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1 of 1 people found the following review helpful
4.0 out of 5 stars A Story of Two Halves, 24 Jun 2014
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Amazon Customer "Boo62" (Ilkeston Derbyshire United Kingdom) - See all my reviews
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This review is from: "Doctor Who": Daleks - The Mutation of Time (Classic Novels) (Audio CD)
This story follows on from one of the best Doctor Who audiobooks I've ever heard, 'Mission to the unknown'.
In that, ( I recommend you listen to that 1st as not only is it superb but it does help explain a lot of what is going on here), the Doctor and his companions are up against the Daleks efforts to control time using something called Taranium which they get from a duplicitous Earth president along with help from a gang of nefarious Galactic rulers all convened on a planet called Kemble.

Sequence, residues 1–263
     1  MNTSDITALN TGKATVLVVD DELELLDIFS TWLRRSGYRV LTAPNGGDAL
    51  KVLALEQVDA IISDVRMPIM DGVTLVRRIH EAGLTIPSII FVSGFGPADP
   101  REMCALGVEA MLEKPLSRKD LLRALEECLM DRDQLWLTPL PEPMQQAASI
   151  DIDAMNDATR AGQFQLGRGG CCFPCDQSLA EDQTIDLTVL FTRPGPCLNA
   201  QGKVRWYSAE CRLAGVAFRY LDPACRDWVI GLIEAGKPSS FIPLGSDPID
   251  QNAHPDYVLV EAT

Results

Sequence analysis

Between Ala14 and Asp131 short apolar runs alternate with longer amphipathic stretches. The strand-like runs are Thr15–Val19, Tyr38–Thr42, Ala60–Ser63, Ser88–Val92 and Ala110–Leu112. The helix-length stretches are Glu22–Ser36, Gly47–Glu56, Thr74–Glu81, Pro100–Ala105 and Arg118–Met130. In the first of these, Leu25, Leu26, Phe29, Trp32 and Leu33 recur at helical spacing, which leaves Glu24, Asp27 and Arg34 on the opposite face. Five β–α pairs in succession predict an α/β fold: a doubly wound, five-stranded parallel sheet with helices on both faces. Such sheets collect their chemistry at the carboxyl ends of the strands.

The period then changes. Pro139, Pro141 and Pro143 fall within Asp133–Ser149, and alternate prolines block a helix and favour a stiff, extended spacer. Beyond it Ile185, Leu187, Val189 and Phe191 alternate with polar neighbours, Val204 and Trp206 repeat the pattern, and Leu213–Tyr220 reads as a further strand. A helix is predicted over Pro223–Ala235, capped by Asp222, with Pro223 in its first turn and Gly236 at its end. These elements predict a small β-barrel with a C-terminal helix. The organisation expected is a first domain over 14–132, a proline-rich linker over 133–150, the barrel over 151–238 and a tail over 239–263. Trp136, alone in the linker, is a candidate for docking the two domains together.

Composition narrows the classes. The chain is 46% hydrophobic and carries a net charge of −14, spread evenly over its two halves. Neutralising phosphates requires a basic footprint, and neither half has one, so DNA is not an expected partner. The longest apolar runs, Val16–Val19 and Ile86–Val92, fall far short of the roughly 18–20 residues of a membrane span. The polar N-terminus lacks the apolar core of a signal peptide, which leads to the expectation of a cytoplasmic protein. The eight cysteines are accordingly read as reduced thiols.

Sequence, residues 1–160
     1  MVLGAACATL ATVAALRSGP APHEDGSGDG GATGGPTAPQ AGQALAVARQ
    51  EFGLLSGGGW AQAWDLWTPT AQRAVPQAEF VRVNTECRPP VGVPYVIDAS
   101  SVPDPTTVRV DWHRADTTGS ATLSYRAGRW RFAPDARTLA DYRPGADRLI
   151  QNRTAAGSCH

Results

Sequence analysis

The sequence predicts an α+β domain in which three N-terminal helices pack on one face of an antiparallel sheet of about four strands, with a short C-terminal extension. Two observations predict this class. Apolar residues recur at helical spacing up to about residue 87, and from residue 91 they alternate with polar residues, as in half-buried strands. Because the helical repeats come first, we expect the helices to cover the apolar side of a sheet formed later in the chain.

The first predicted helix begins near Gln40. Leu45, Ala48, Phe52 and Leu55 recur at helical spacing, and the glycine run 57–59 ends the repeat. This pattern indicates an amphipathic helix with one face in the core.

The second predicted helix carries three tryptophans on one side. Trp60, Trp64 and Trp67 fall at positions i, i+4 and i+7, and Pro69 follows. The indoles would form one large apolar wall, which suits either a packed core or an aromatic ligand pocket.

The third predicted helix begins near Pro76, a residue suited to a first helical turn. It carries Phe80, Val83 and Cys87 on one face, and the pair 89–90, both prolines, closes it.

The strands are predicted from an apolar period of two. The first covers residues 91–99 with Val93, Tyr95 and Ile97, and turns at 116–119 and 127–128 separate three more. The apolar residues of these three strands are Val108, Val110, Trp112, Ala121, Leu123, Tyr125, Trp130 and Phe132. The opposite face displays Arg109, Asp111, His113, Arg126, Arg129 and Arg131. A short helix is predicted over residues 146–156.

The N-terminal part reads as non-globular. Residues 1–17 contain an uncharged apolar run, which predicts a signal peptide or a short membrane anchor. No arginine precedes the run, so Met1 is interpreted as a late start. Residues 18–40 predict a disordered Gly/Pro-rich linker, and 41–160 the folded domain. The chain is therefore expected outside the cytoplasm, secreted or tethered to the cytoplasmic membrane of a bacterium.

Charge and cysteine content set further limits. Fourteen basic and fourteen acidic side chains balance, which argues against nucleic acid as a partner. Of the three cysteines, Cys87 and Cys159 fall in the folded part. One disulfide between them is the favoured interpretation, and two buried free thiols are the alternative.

The Doctor steals the element & he and his chums set off in the TARDIS with the grumpy dustbins in hot pursuit.

This story at first appears to have completely forgotten that plot and as the first hour or two pass it seems the plot is lost all round as we are treated to some of the worst humour and daftest plot elements of any Doctor Who story I've ever heard.
The three hapless heroes stumble from time to time, (including a cringeworthy early movie story which see's the Doctor help Charlie Chaplin come up with a film plot!).
To be honest I came close to giving up altogether at that point as I was pretty miffed at how far things had strayed from the brilliance of the first story.

Things pick up though when everyone turns up in ancient Egypt and when the story finally ends up back on the planet Kemble we are all set for a grandstand finish with the Daleks giving full reign to their nastiness, their 'friends' getting their just desserts and everyone making one last mad dash for the TARDIS.

In the end this concludes really well and very sadly too. It doesn't completely erase the first awful two hours but it does do enough to earn it's four stars and make this worth a listen.